He continues, “I cried until tears no longer came. My heart is broken as I see what has happened to my people:little children and tiny babies are fainting and dying in the streets. They cry out, ‘Mama, Mama, we want food’ and then collapse on their mothers’ shrunken breasts. Their lives ebb away like those wounded in battle” (Lam.2:11). Jeremiah describes himself like one who “cannot escape. I am fastened with heav chains. My path has been filled with detours” (Lam. 3:7).

In the midst of this sad litany, Jeremiah changes his way of thinking. The key word is in Chapter 3, verse 21, when he says, “Yet.” I love that word “yet.” It means that change is fixing to take place. He says, “Yet there is one ray of hope. God’s compassion never ends. It is only the Lord’s mercies that have kept us from complete destruction. God in His faithfulness, His loving kindness begins afresh each day” (Lam. 3:21-22).

The quality of life we enjoy sometimes hangs on the ability to use that word Yet. Read my blog from July 15, 2015, about the prophet Habakkuk regarding the Yet mindset. Habakkuk knew how to let the Yet mindset govern his thinking and actions. When you get down, get up to the Yet mindset that focuses on His compassions and His mercies and His faithfulness. (Tweet this)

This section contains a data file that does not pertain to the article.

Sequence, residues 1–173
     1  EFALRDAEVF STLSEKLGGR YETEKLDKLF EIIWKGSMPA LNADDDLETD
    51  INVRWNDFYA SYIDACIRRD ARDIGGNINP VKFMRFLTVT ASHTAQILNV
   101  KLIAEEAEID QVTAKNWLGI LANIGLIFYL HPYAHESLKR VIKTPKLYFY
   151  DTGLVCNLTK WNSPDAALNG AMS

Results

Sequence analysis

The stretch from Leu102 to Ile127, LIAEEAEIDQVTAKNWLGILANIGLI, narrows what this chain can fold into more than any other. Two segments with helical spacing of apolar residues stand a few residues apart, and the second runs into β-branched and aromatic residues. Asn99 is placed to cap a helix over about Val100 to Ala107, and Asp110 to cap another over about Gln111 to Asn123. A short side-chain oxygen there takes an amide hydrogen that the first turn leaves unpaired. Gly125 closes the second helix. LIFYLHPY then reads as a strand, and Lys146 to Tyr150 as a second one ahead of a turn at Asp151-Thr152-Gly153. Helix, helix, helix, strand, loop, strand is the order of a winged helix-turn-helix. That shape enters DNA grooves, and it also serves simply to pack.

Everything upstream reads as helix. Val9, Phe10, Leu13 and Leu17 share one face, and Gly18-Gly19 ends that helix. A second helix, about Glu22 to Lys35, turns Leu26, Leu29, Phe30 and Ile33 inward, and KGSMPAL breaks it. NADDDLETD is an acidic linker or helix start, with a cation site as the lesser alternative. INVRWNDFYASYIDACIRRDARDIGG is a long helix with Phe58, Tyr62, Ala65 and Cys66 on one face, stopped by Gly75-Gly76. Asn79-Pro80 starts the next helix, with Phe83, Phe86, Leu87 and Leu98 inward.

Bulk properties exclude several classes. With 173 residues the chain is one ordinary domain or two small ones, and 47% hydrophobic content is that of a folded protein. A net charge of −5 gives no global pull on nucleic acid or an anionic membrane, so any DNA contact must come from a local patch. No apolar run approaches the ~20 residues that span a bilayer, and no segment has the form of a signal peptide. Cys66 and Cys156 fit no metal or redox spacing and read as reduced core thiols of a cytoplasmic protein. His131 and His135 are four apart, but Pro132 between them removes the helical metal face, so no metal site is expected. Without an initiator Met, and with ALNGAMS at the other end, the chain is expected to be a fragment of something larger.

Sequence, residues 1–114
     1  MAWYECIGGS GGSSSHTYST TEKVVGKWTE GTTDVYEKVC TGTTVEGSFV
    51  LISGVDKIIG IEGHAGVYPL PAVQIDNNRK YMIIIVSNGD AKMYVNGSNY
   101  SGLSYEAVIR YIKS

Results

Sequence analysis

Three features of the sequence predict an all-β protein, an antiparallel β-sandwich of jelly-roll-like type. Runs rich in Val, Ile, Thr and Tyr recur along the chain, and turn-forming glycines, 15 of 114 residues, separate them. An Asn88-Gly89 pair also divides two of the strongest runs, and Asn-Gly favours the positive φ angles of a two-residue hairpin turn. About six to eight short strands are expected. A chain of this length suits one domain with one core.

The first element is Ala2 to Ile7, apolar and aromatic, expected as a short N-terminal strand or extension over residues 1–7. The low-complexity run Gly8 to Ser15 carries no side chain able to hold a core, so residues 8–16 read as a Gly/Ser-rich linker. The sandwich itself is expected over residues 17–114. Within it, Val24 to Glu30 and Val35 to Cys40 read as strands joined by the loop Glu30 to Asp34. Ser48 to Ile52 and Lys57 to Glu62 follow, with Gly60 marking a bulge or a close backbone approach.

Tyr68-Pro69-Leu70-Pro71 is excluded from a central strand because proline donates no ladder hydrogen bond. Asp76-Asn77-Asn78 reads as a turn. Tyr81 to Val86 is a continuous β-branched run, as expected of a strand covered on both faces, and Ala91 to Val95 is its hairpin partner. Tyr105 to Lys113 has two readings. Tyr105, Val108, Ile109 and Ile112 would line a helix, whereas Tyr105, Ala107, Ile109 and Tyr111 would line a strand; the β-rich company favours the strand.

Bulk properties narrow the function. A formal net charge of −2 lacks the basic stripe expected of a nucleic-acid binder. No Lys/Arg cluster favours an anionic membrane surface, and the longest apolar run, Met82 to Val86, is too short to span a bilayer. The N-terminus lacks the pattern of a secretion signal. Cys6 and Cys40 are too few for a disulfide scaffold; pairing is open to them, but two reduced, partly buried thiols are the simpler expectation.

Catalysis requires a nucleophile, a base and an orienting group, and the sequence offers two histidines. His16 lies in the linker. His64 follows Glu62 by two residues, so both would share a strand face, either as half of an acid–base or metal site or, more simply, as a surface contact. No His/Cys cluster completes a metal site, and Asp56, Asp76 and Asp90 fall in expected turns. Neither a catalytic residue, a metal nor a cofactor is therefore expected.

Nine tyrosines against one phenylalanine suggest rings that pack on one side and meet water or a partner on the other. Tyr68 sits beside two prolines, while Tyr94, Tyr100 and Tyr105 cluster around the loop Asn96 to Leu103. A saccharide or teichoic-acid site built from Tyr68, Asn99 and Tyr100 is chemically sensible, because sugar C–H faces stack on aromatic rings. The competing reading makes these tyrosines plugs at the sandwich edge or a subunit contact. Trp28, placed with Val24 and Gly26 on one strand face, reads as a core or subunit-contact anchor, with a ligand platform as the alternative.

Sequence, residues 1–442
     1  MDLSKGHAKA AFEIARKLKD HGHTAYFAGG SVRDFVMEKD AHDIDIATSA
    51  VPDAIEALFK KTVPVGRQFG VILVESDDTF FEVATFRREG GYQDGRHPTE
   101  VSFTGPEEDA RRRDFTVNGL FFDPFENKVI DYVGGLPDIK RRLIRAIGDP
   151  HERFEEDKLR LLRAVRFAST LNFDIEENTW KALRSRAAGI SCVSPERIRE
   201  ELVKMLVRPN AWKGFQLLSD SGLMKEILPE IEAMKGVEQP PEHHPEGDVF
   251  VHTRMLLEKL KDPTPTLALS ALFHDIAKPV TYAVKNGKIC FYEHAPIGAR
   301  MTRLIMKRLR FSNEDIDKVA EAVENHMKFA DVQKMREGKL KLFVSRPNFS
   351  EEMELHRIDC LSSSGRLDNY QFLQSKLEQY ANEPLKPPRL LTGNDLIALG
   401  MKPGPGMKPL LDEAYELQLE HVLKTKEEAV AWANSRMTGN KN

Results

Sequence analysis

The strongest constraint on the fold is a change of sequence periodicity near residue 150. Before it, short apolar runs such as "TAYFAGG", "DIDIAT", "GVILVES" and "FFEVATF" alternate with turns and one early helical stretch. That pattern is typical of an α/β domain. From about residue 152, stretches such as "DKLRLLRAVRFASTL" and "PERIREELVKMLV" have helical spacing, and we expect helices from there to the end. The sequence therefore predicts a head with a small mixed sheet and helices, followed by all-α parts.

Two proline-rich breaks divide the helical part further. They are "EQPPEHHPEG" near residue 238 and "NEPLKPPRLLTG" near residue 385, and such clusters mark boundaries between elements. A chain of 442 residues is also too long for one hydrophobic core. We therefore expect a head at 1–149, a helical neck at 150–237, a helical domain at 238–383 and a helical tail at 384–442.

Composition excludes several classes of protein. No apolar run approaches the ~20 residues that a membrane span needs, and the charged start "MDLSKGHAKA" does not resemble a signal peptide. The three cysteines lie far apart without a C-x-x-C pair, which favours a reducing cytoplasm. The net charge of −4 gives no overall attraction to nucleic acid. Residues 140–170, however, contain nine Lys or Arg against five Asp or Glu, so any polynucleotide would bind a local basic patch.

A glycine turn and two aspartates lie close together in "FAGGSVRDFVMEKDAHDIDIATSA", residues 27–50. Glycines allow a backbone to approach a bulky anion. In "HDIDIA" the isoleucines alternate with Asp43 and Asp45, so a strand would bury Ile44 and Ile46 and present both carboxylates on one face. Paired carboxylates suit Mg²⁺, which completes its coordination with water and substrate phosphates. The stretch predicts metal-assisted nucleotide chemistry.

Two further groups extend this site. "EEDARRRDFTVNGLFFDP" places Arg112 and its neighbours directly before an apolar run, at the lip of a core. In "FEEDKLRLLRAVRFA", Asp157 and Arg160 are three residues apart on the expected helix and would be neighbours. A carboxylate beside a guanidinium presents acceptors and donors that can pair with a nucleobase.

One of my favorite hymns, based on Lamentations, says – Great is Thy faithfulness /Great is Thy faithfulness / Morning by morning new mercies I see / All I have needed Thy hand hath provided / Great is Thy faithfulness Lord unto me.

This hymn is a great witness of how faithful God is. We discover it every day. The last verse says – Pardon for sin and a peace that endureth / Thine own dear presence to cheer and to guide / Strength for today and bright hope for tomorrow / Blessings all mine with ten thousand beside.